Hwange National Park
Hwange is Zimbabwe's largest game reserve, covering a area greater than Northern Ireland this is one of the few great elephant sanctuaries left in Africa and herds of over a hundred strong can still be seen. Other wildlife includes lion, leopard, cheetah, rhino, giraffe, zebra, buffalo and various antelope plus over four hundred species of bird making this one of the finest parks in the world.
At just over 14 600 square kilometres, Hwange is the largest National Park in Zimbabwe, and one of the most important natural sanctuaries for wildlife in Southern Africa. Situated on the main road between Bulawayo and the world famous Victoria Falls, Hwange National Park boasts a tremendous selection of wildlife including 105 mammal species, including 19 large herbivores and eight large carnivores. The big five can all be found in Hwange, as well as many other predators. The populations of wild dog and elephant are thought to be among the largest surviving groups in the world. Large concentrations of zebra and giraffe can also be found. All of Zimbabwe's specially protected animals have their home in Hwange and it is the only protected area where gemsbok and brown hyena occur in reasonable numbers. Walking, driving and horseback safaris are all available.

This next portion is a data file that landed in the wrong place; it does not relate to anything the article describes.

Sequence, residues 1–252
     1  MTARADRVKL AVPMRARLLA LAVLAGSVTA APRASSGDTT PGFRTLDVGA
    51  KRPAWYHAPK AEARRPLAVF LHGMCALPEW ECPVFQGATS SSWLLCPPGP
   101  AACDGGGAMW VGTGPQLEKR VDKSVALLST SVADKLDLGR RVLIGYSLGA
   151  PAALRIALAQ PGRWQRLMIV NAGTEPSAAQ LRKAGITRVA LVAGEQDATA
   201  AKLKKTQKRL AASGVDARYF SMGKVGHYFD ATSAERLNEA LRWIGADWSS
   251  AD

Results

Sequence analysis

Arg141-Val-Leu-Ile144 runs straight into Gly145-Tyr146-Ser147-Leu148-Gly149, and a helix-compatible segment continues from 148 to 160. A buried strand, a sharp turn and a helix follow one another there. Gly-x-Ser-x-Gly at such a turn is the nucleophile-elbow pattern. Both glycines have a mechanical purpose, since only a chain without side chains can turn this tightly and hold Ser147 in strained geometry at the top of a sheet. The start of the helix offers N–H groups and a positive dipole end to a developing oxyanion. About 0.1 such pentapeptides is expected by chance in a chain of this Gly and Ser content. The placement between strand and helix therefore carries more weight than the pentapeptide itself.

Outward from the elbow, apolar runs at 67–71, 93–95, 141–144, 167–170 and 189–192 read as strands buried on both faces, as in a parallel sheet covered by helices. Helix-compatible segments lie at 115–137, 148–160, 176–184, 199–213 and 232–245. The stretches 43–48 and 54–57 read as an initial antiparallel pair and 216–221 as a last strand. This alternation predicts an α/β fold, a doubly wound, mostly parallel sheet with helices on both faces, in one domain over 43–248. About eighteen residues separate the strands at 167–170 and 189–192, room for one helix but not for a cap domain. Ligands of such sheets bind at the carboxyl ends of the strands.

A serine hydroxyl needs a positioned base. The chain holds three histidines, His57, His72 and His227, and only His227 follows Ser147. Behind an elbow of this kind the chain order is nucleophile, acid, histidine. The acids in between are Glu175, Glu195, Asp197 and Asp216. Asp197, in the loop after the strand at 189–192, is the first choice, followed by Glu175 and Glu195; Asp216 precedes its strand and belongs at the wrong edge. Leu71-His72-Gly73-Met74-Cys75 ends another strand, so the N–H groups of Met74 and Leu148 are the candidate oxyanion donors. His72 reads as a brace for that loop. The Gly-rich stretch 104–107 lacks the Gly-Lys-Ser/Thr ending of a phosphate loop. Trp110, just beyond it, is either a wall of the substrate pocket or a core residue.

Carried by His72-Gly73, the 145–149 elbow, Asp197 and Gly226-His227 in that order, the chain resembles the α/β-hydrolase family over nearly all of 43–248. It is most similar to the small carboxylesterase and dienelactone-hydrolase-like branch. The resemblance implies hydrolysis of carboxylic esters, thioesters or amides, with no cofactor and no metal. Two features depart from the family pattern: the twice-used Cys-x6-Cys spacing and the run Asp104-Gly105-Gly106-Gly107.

The landscapes of Hwange include desert sand to sparse woodland, as well as grasslands and granite outcrops. Hwange has an interesting variety of landscapes, with one part running alongside the North-eastern end of the Kalahari Desert. The south is sandy with extensive forests and open grassland. A feature of the area is ancient fossil dunes - ancient sand dunes held together by vegetation. Due to the lack of water, man-made waterholes have been introduced to sustain the animals through the dry season.
The best time to visit Zimbabwe, in terms of game-viewing, is between June and October, when the temperature is hot during the day but can drop to below freezing at night. During these dry winter months the animals are concentrated around the man-made waterholes. The summer season generally starts with fresh rains in November, bringing the arrival of migrant birds and the movement of mammals in search of fresh growth. The bush gets thick, insects flourish, birding improves, and game viewing deteriorates.